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Year of Poems - Week 4

(Reading a poem a day for a week and reporting back. See the full listing here.) The prize for best title this week has to go to Small Insects and Their Place Among Main Sequence Stars, by Juanjo Baz├ín. Which appears in the online speculative fiction magazine, Strange Horizons. Also of note, a poem by very well-known fantasy writer who was not particularly well known for his poetry. That's Tolkien, whose Goblin Feet is of interest more as a curiosity than anything else. Speaking of writers not primarily known for their poetry, there's James Joyce, whom I have mixed feelings about. Finnegan's Wake is a fine piece of work that I don’t even pretend to understand and which is best taken in very small doses. Much of Ulysses is deadly dull, if I dare say so, but also contains some of the greatest passages ever written, so go and figure that one out. Nightpiece doesn’t quite rise to those heights but it's one of the better works I've read since starting this project. …
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yielding intimations of mothlikeness

to the windward he hies, hearkening, wingining
flittering wings glistening whitelike, tanlike, paperwhite
like gleaming flecks of winglike whitish-tannish paper
hies yon and anon to the outer bounds
of the wailing and the aching and the yielding
floating, o so mothish upon the azure breeze of eternity

you wouldn't inhale the drapes

a whistle blows and azure light returns
disgusting noises come out of ernest borgnine
i no longer know how to stand up
i'll turn your topsoil till the cows come home
exploring the deep dark droopy saggy
big and frizzy (that's a metaphor dorothy) everybody grab a gun and run to the basement
you're a pig in a cheap suit!
do you want it fast or do you want it good?

Year of Poems - Week 3

(Reading a poem a day for a week and reporting back. See the full listing here.) Who is the worst poet ever? I'm sure there's plenty of competition for that title and who's to say, after all? There are those who would say that it's Scottish poet, William Topaz McGonagall, who has a very in-depth web site devoted to his glorious works. See the link below for a sample of his poetic goodness. Then there's O Donald! Ye Are Just the Man, by eighteenth century poet Susaanna Blamire, which had a nice ring to it. Don't ask me why. The favorites this week included Lunar Baedeker, by Mina Loy, a poet I hadn't heard of before, and a snippet from War is Kind, by a poet I had heard of before and rather like - Stephen Crane. Also of note, I Cannot Give the Reasons, by Mervyn Peake. He's best known for his Gormenghast books but apparently was also a nonsense poet of some renown. 03/11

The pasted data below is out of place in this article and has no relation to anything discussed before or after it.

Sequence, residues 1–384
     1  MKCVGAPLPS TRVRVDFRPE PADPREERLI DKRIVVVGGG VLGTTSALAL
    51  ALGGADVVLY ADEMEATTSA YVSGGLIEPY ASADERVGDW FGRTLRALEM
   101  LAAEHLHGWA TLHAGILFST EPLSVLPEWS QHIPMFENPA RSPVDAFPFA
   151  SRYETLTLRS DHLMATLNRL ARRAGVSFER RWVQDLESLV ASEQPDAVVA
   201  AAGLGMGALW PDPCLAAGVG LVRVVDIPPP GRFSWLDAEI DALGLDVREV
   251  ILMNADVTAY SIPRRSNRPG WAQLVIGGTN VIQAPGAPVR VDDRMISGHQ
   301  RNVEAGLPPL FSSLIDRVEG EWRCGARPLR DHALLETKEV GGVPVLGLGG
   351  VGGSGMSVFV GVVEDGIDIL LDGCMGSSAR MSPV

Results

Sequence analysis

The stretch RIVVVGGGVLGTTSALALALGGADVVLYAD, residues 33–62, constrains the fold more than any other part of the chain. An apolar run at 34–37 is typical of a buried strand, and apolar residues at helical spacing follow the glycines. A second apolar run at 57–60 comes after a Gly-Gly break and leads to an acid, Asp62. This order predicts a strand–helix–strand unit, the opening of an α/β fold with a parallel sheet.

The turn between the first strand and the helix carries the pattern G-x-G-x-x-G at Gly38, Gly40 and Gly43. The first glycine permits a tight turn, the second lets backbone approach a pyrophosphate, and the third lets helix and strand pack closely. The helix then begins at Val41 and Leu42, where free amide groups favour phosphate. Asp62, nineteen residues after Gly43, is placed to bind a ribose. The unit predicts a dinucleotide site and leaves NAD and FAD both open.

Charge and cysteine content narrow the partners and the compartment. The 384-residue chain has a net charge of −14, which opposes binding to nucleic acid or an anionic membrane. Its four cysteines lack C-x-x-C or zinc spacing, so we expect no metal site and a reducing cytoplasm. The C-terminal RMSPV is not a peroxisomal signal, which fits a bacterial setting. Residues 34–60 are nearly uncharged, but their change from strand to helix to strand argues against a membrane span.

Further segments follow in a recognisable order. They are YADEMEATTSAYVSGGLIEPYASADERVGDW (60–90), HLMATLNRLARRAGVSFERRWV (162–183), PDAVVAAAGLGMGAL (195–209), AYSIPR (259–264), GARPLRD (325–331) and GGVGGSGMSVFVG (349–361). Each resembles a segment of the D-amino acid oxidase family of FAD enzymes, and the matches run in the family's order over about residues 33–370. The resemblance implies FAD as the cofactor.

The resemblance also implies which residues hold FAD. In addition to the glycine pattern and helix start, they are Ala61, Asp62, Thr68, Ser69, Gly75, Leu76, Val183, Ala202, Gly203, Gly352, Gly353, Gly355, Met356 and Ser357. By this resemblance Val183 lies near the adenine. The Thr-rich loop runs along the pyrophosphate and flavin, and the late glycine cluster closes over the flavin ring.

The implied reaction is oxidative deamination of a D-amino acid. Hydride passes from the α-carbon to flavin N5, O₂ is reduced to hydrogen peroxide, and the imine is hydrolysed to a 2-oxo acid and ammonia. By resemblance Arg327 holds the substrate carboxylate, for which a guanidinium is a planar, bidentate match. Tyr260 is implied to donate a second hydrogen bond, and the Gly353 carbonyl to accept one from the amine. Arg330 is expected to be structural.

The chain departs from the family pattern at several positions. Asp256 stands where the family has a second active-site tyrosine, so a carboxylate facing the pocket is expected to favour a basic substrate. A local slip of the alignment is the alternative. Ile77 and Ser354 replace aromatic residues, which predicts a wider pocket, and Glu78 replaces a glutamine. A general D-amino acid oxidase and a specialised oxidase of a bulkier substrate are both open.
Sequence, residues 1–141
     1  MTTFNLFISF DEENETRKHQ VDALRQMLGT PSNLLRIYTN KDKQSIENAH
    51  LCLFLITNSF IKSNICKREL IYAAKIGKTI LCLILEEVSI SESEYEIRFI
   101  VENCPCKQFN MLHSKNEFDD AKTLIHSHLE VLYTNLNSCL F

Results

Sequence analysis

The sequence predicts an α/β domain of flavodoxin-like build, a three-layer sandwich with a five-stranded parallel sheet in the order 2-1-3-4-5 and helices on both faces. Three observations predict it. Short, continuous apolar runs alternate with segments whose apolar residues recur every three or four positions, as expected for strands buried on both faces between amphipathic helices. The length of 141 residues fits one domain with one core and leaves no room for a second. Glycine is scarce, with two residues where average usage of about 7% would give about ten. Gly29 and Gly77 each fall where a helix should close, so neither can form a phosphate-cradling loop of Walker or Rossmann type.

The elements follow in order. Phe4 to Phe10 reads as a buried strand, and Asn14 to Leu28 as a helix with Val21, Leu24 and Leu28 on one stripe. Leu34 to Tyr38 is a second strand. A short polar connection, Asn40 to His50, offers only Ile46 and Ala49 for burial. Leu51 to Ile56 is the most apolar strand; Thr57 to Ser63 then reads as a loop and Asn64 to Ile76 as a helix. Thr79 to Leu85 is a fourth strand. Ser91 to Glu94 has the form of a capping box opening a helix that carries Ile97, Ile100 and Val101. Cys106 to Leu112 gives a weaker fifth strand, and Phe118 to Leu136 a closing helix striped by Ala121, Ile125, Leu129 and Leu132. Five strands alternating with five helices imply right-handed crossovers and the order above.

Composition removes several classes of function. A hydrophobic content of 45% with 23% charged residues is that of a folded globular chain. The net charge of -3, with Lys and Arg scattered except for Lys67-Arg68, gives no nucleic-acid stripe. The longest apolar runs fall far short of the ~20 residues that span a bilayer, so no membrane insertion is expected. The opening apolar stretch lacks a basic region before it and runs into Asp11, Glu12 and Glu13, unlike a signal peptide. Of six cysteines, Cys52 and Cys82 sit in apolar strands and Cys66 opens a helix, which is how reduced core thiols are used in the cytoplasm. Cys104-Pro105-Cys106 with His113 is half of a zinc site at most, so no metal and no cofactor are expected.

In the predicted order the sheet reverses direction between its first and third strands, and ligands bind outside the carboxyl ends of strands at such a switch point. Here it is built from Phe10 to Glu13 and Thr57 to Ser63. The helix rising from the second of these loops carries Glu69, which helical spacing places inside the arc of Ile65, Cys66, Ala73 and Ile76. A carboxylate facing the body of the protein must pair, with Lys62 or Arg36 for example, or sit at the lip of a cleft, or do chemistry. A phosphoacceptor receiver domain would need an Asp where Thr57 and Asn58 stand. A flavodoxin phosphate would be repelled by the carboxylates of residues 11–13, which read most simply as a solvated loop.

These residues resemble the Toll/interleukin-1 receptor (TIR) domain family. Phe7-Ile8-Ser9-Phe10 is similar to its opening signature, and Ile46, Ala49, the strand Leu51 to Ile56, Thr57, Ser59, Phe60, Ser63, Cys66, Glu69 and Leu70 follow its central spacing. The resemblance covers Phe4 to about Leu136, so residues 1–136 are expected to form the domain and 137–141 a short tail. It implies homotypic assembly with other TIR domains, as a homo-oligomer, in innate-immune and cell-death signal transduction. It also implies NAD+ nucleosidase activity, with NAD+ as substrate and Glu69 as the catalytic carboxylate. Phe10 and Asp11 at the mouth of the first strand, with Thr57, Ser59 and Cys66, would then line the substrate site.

I Cannot Give the Reasons
Mervyn Peake
?? …

the day we kicked a puppet

we stood there upon the shore of a vast mud puddle
enraptured by the rustling of each other's genomes
but it all felt perfunctory
like the underside of a badger you reached out a hand to me and it fell off
plopped into the mud
and a flying mud squirrel
swooped down and made off with it so now we are tidal locked
by the gravitas of our latent potentialities
our skulls laden with moldering whispers from the back of an azure eternity
and so we must stipulate new parameters

don't do embraces with my pig

i am a strong singers
the most annoyings obnoxiouses self-centereds creature
you are i've met
i am alove
and we're falling in loves with fur i grabs hims fur with my feets
easies on the furs you crew members
easies on the furs you havent
there's somethings you should knows
dont do embraces with my pig

i pray i never see this place again

marooned dark shades river
stygian rain in a bottomless sea under the sea
souls wash into unreality
black styx sad roaring styx from whence rapture flows
dreams passing forth in sad weary stygian waters lamenting lost pleasures
harried by fallen angels in fathomless realms
plagued by weird armies litanies do not harm them
skies black as ink the dying show dizzying
night within night never sleep leaving
never safe from ruin

Year of Poems - Week 2

(Reading a poem a day for a week and reporting back. See the full listing here.) A number of curiosities this week. A poem by Don Van Vliet (Captain Beefheart) that diverges somewhat from the loopy style he often used for his song lyrics. Clark Ashton Smith takes a crack at surrealism and a poem by Ina Rosseau about the Garden of Eden. Also, not one, but two poems about hippopotamuses (hippopotami?), one of them a rather mystifying work by none other than T.S. Eliot. 03/04/2017
The Beep Seal
Don Van Vliet
c. 1970 03/05/2017
Anacreon in Heaven
Ralph Tomlinson
c. 1782 03/06/217
The Sleep of the Condor
Leconte de Lisle
?? 03/07/217
Surrealist Sonnet
Clark Ashton Smith
1951 03/08/217
Ina Roussea…

they kill god of heaven

monster action girls
the loverliest of all
a short drop off
to the drip drop
look up they're thrilling
look down they're deep